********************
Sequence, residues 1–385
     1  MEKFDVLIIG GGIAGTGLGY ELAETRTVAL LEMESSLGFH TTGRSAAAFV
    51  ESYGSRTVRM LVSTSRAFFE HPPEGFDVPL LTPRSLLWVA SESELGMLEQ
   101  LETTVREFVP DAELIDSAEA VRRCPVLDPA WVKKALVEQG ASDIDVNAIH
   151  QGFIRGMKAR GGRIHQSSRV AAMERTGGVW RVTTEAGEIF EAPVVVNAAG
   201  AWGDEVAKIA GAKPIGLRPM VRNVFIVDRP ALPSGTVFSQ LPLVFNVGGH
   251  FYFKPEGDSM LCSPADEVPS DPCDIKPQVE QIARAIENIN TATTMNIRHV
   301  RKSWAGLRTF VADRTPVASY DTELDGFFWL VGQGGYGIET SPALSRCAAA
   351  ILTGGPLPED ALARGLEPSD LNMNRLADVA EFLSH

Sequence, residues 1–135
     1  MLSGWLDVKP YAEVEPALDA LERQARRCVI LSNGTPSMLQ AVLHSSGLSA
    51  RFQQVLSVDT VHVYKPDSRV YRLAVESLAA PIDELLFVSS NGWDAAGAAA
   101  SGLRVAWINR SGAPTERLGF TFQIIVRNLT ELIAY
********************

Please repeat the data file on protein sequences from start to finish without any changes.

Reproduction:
Sequence, residues 1–385
     1  MEKFDVLIIG GGIAGTGLGY ELAETRTVAL LEMESSLGFH TTGRSAAAFV
    51  ESYGSRTVRM LVSTSRAFFE HPPEGFDVPL LTPRSLLWVA SESELGMLEQ
   101  LETTVREFVP DAELIDSAEA VRRCPVLDPA WVKKALVEQG ASDIDVNAIH
   151  QGFIRGMKAR GGRIHQSSRV AAMERTGGVW RVTTEAGEIF EAPVVVNAAG
   201  AWGDEVAKIA GAKPIGLRPM VRNVFIVDRP ALPSGTVFSQ LPLVFNVGGH
   251  FYFKPEGDSM LCSPADEVPS DPCDIKPQVE QIARAIENIN TATTMNIRHV
   301  RKSWAGLRTF VADRTPVASY DTELDGFFWL VGQGGYGIET SPALSRCAAA
   351  ILTGGPLPED ALARGLEPSD LNMNRLADVA EFLSH

Sequence, residues 1–135
     1  MLSGWLDVKP YAEVEPALDA LERQARRCVI LSNGTPSMLQ AVLHSSGLSA
    51  RFQQVLSVDT VHVYKPDSRV YRLAVESLAA PIDELLFVSS NGWDAAGAAA
   101  SGLRVAWINR SGAPTERLGF TFQIIVRNLT ELIAY